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Astronomy Picture of the Day


Photo of the Week.. An anviled thunderhead floats beneath a clear blue sky, while shafts of setting sunlight shine through holes in the clouds.

Astronomy news for the week starting Friday, May 17, 2002.

Phone: (217) 333-8789
Prepared by Jim Kaler.

If you like stars, go to STARS: Portraits of Stars and their Constellations, compiled from previous stars of the week. Enjoy photographs of the January 20, 2000 total eclipse of the Moon. Watch planets move against the background stars. See sunsets, rainbows, the Moon and planets, and other sky phenomena in Sunlight.

As busy as last week was, is as quiet the week to come, as if the heavens are taking a bit of a rest. The Moon, approaching its first quarter at the start of the week, reaches that phase, when it is 90 degrees to the east of the Sun, on Sunday the 19th amidst the stars of central Leo, just up and to the left of the first magnitude star Regulus. Regulus, like Spica in Virgo, is practically on the ecliptic, the apparent path of the Sun, and both stars can be occulted, or covered, by the Moon. The Moon's orbit is tilted by 5 degrees to the ecliptic path, however, and this month the Moon passes well north of the two stars, making the tilt quite visible. It is because of the orbital tilt that we do not have eclipses every month, as the Moon usually passes either above or below the Earth's shadow, missing a lunar eclipse, or passes above or below the Sun, missing a solar eclipse. About 4 days after the quarter, on Thursday the 23rd, the Moon passes perigee, when it is closest to the Earth.

The great planetary gathering of 2002 is slowly breaking up, though there are treats yet to see. Mercury and Saturn have sunk out of sight, while Mars is finally beginning to remove itself from the western evening sky, and by the end of the week will be setting just about the time twilight ends, leaving the stage to the two brightest planets of the Solar System, Venus and Jupiter. Venus, the brighter, is still climbing higher, away from the Sun, while Jupiter is sinking lower. As a result, they are approaching each other as they prepare to swap places on June 3. Of course they approach only in angle. Venus is to the side of the Sun 1.4 Astronomical Units (the distance between the Earth and Sun) away, while Jupiter is far to the opposite side of the Sun at a distance of nearly 6 Astronomical Units. That Jupiter is so bright is testimony to its great size and reflecting power, the planet over 10 times the diameter of Earth, Venus slightly smaller.

With the winter stars now gone, the spring stars dominate the early evening, and the stars of summer begin to make a serious impact in the later night. With bright orange Arcturus crossing the meridian to the south (at least from north of the Tropics) before midnight, find its white counterpart Vega climbing up in the northeast, the star the luminary of exquisite Lyra, the Harp. Between Arcturus (in Bootes) and Vega lie the graceful curve of Corona Borealis, the Northern Crown, and the figure of Hercules, which honors the powerful hero of ancient times. Corona Borealis's southern counterpart, Corona Australis, lies below Sagittarius, and will be with us later in the true summer.

STAR OF THE WEEK. DELTA BOO (Delta Bootis). In spite of its prominent position within Bootes, the Herdsman, Delta Boo carries no proper name at all, probably because it shines down at us at only faint third -- and nearly fourth -- magnitude (3.47). Bayer seemed to use position in the constellation as much as brightness in naming by Greek letters, as Delta not only ranks fifth, but is outstripped by brighter Eta Bootis (Muphrid). Delta Boo is a class G (G8) giant located 117 light years away. From its yellow-white 4840 Kelvin surface, it shines with the light of 59 Suns. It is a rather typical "clump" star, one of a breed of similar temperature and luminosity that is fusing helium into carbon in its deep core, one that carries a mass 2.5 times that of the Sun. Not all that large for a star called a "giant," its diameter deduced from temperature and luminosity is 11.2 solar. It is large and close enough, however, to have had its angular size determined, from which we come up with a similar diameter 10.4 times solar (from which we then find a somewhat warmer temperature of 4990 Kelvin). The star stands out in two ways. Its metal content is rather low, only 40 percent that of the Sun. As a result it is spectroscopically classified as a "CN weak" star (from the strength of absorptions of cyanogen, CN). Delta Boo also has a well-known 8th magnitude (7.8) class G (G0) dwarf companion that is quite similar to the Sun, just a bit warmer (5900 Kelvin), 80 percent less luminous, and 87 percent the radius. The companion is a bit warmer than expected for its luminosity, and might be a marginal "subdwarf," in keeping with the low metal content of the main star (the two go together). Since the companion is nearly two minutes of arc away from its brighter neighbor, Delta Boo B shows no orbital motion, but since the two stars are moving in lockstep through space, there is no question about their connection. At least 3800 Astronomical Units (Earth- Sun distances) apart, the two take at least 120,000 years to orbit each other. From Delta Boo A, the smaller star would shine 30 or so times brighter than Venus does in our sky, while from Delta Boo B, the giant would glow with the light of 2.5 full moons.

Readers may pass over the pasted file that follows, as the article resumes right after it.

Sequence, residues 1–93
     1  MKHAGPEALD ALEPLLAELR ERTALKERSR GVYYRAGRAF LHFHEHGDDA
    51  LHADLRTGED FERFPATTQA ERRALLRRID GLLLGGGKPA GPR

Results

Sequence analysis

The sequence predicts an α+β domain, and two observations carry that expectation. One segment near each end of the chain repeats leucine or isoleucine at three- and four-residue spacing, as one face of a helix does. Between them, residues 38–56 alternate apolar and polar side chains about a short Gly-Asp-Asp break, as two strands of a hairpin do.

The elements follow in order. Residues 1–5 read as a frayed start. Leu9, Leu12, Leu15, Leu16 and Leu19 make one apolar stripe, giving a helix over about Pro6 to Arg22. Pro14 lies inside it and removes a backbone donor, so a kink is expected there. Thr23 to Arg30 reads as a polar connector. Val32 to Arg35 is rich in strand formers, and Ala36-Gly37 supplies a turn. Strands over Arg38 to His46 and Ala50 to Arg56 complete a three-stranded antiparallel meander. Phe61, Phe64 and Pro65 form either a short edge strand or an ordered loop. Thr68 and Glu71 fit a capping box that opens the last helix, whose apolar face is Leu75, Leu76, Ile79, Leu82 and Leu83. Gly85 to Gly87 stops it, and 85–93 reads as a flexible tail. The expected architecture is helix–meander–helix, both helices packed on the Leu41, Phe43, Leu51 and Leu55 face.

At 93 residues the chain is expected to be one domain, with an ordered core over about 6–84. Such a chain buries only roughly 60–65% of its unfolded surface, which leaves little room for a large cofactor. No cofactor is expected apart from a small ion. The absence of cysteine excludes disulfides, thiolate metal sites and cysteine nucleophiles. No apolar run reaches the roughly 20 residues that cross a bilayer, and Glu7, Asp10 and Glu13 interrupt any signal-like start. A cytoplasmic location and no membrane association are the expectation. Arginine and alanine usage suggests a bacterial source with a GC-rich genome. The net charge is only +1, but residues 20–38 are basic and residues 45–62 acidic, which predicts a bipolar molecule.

Do you have a favorite star or one you would like to see highlighted on the Star of the Week? Send a suggestion to Jim Kaler.
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